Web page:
The purpose of the Flexion Rotation Test is to measure the mobility at the atlanto-axial (AA) joint, which of course is in the upper cervical spine complex.  It encompasses 50% of the rotation of the cervical spine and a major musculotendinous attachment point. Even though the neurophysiology of nocioception from the upper cervical spine to produce Cervicogenic Headaches is more common, there is a plethora of information on the proprioceptive neurophysiology from the upper cervical spine to produce Cervicogenic Dizziness.

Most recently, Quek et al 2013 sought out whether the upper cervical spine rotation ROM asymmetry is associated with postural stability.  The authors found Cervical Flexion-rotation ROM asymmetry group had greater postural sway and from a statistical analysis viewpoint, the study emphasizes the need to consider Cervical Flexion-rotation-ROM asymmetry as an independent predictor of standing balance, over and above the influence of neck pain intensity.  This is a powerful statement and considering we are dealing with altered orientation, dysequilibrum, and unsteadiness with Cervicogenic Dizziness; we can’t ignore this striking finding on correlating postural stability with AA mobility.

However, for MORE diagnostic power in evidence-based practice, we need MORE than just conjecture from basic science and relating range of motion to postural stability.

The clinical reasoning process to diagnose Cervicogenic Dizziness takes the basic science, add a screening process via the Optimal Sequence Algorithm , obtain the appropriate subjective and other objective testing measures—including the Flexion Rotation Test—and BAM…make the clinical diagnosis…doesn’t this count as validation?

Honestly this is what we currently have in regards to using the Flexion Rotation Test for Cervicogenic Dizziness.  We don’t have a true validation study as we do with Cervicogenic Headaches, but we do have some more oomph from the ivory towers to help make our decision.  To assist with our argument, we have case reports (Gargano et al 2012), case series (Escaloni et al 2018Jung et al 2017) Delphi Study (Reneker et al 2015), case control study (Morgan CD et al 2015), reviews (Cheever K et al 2016) and position statement (Harmon et al 2013).  These literary works all discuss and/or use the Flexion Rotation Test for Cervicogenic Dizziness.

One thing I want to point across is the lack of validation of a test does not mean you can’t make inferences.  With basic science input from C0-3 and several studies demonstrating the abnormal findings of C1-2 via the Flexion Rotation Test relating to patients with dizziness, we can’t ignore this excellent test.  Use it but use it with strong clinical reasoning for your patients with dizziness to determine how much could be musculoskeletal in nature.


You can learn more about the screening and treatment process of Cervicogenic Dizzinesss through Integrative Clinical Concepts, where the authors (husband–a manual therapist a wife—a vestibular specialist), teach a very unique course combining both the theory and practice of vestibular and manual principles in their 2-day course.  Pertinent to this blog post, the 1st day includes the “Optimal Sequence Algorithm”, a multi-faceted physiotherapist approach to the assessment of Cervicogenic Dizziness, which includes the appropriate ruling-out process and cervical examination of the articular and non-articular systems.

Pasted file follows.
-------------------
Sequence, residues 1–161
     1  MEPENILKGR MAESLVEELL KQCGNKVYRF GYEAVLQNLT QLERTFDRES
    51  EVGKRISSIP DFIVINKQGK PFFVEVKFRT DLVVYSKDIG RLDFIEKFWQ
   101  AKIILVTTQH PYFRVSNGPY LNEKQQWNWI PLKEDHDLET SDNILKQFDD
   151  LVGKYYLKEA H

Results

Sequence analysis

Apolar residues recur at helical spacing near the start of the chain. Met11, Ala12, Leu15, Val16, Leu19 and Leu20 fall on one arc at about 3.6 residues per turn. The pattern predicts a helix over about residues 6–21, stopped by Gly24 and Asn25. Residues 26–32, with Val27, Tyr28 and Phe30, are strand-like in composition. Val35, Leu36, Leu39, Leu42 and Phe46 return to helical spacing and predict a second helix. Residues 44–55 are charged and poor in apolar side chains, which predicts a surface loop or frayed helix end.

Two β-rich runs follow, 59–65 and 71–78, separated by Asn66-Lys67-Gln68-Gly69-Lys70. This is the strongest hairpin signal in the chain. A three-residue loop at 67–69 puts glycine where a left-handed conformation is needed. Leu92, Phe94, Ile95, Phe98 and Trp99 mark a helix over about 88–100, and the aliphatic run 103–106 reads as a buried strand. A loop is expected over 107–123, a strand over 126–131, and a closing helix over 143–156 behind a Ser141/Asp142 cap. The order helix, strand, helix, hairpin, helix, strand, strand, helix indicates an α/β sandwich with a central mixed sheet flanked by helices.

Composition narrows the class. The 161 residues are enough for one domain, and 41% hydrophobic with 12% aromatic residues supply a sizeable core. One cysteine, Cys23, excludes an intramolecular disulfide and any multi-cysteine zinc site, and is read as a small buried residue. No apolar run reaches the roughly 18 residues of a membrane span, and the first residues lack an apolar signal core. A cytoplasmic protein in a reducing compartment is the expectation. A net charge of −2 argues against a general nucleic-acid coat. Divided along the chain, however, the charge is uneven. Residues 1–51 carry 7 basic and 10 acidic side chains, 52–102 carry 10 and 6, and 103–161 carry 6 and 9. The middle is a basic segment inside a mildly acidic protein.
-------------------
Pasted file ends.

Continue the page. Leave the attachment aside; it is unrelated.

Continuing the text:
If you would like to host a course for your staff (either a vestibular, neuro, sports or ortho clinic), please do not hesitate to contact me at harrisonvaughanpt@gmail.com for more information.

Authors

Harrison N. Vaughan, PT, DPT, OCS, Dip. Osteopracic, FAAOMPT    

Instructor: Cervicogenic Dizziness for Integrative Clinical Concepts

Danielle N. Vaughan, PT, DPT, Vestibular Specialist  

Instructor: Cervicogenic Dizziness for Integrative Clinical Concepts

Sensorimotor Impairment Treatment in Concussion and Whiplash Patients

Cervicogenic Dizziness, Cervical Vertigo

It is now well know the correlation between symptoms and physiological effects that are sustained following patients who suffered from concussion and whiplash.  Even though there are still apparent differences clinically, we can now feel comfortable to lump these two conditions together.  It may surprise some readers — but in this article — and most likely in the medical literature in the future — we will collectively call the injury a mild traumatic brain injury (mTBI).

Galea and colleagues just came out with a Meta-Analysis in 2018 to determine whether persistence of sensorimotor or physiological impairment exists between 4 weeks to 6 months post injury.  More than likely the clinicians reading this article will see a patient suffering from symptoms > 10 days following the injury for definition  of post-mTBI symptoms, but could be between 4-12 weeks so your patient fits in nicely in the objective.  More than likely we are seeing them for dizziness, headaches, neck pain, difficulty concentrating, etc.

For those interested in reading the entire analysis, feel free to reach out to me for article, but for blog purposes; here is the conclusion:

Findings demonstrate that persistence of sensorimotor and physiological changes beyond expected recovery times following subacute mTBI in an adult population is possible. These findings have implications for post-injury assessment and management.

Big points I want to you to get out of this conclusion.

Firstly, the “is possible” statement from first glance isn’t conclusive at all—but for a meta-analysis—I will take it!

Secondly, and reason we aim for to read and perform research, is this statement, “these findings have implications for post-injury assessment and management“.

The assessment and management of this very complicated and the challenging condition of mTBI is beyond what can be written in words.  In fact, my wife and I teach 16 HOURS worth of updated and modern content to make you more confident in treating someone suffering from mTBI who has Cervicogenic Dizziness / Cervical Vertigo.  This doesn’t even include the science and application of treating the other symptoms!